Hi and welcome to our research review where we review a peer-reviewed research study each week.
Children with autism spectrum disorders (ASD), by definition, have delays and/or differences in language development. Language delays are fairly easy to identify: a child does not speak, a child speaks in shorter sentences, or a child has rote language or uses echolalia. Language differences are a little more complex to understand. One type of language difference often seen in children with ASD is the presence of pronoun reversals.
A pronoun reversal occurs when a child says “I” when he really means “you”. For example, “You want it?” is a common phrase used by children when they are actually trying to communicate “I want it”. Most parents respond naturally to their children and this is where the confusion comes in.
Child says, “You want it”
Adult says, “I want it” (as if correcting the child)
Child is now confused because he actually wanted it but now the adult says she wants it!
So, the study we are going to review is a study that formally addressed challenging behavior but inadvertently addressed pronoun reversals for a 4-year-old girl with autism. The study authors were Melissa Olive (known as Missy to many readers), Russ Lang, and Tonya Davis. The study was published in the Journal of Autism and Developmental Disorders in 2008.
The child was enrolled in the study because her mother reported that the little girl was engaging in challenging behaviors and that she (the mother) could not do laundry, cook, or clean. Essentially, every waking minute of the mother’s life was controlled by the child’s challenging behavior.
The graduate research assistants went to the child’s home and conducted an assessment called a Functional Behavioral Assessment or FBA. From the assessment they were able to show that the little girl was attention seeking. Essentially, she engaged in the behavior in order to get her mom’s attention. The graduate assistants also noticed that the little girl did not have any play skills. She did not know how to sit and play and she required her mother’s attention in order to become engaged in an activity.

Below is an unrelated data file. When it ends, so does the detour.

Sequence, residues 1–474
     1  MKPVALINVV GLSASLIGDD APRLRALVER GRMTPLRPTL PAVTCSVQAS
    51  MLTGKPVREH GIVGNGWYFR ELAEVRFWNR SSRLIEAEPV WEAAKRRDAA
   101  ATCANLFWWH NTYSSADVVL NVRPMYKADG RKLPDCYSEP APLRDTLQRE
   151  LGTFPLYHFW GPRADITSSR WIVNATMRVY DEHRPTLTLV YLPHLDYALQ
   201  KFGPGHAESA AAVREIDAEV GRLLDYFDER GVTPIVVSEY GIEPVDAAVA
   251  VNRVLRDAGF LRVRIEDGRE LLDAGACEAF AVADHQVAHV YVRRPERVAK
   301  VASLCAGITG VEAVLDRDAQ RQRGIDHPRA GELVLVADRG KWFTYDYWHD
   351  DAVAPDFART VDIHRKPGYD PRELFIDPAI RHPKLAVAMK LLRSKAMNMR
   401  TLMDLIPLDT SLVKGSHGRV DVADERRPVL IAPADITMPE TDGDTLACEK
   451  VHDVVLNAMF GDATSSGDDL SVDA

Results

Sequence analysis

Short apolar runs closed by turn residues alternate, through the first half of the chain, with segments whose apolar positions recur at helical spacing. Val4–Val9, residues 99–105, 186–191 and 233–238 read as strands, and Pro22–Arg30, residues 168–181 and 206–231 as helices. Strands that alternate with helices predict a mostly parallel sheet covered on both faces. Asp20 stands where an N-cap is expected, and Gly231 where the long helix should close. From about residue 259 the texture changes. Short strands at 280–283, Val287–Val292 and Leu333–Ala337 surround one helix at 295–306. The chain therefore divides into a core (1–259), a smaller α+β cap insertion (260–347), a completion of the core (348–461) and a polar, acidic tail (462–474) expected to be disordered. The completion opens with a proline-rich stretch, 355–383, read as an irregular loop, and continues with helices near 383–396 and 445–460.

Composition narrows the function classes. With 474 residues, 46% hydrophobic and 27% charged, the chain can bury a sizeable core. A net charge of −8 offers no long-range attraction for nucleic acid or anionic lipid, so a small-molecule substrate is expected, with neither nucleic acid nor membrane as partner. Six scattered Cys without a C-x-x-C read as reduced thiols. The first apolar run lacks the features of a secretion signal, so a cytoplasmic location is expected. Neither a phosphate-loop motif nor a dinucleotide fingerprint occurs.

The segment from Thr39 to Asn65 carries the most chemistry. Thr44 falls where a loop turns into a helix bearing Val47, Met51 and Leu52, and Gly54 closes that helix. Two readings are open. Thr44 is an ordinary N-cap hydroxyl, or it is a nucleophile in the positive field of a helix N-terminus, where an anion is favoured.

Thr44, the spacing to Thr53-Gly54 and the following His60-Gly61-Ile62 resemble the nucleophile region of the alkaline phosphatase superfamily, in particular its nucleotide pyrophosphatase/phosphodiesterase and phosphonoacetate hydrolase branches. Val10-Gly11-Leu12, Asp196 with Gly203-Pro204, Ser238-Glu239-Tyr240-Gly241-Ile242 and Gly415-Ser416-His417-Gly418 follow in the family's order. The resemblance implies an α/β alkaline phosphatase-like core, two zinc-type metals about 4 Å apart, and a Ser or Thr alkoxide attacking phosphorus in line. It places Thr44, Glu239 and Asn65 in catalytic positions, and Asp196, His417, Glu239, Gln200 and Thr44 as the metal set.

The mother identified 4 activities that she wanted her child to learn how to do. The activities were common preschool activities such as reading books, doing art, playing a matching game, and puzzles. The researchers set up a speech generating device such as a 4-button touch talker. Each button included a picture of the activity the mother had identified. The researchers programmed the device to use the child’s own voice saying things such as “I want you to work puzzles with me” or “I want you to paint with me”.
Initially, the mother sat down and showed her daughter how to play the activities. After a few minutes, the mother excused herself to do housework but showed the little girl how push the correct button requesting Mommy to come back. Over time, the mother faded her prompts so that the little girl learned to press the button to request her mother on her own. Not only did the little girl’s challenging behavior decrease, her appropriate play increased. Additionally, the little girl soon learned to verbally ask her mom to come back to play. Moreover, the rate of the little girl’s pronoun reversal decreased.
Intervention strategies for addressing pronoun reversals are essentially non-existent. This strategy teaches appropriate pronoun use without confusing the student about who wants what or as we all recall the confusion around Who’s On First.
Clearly, more studies are needed as this study enrolled only one participant. However, no studies exist on how to correct this common problem so this seems like a good place to start.
If you have an idea for a research article review, please let us know. We look forward to hearing from you or is it that you look forward to hearing from us? I’m so confused!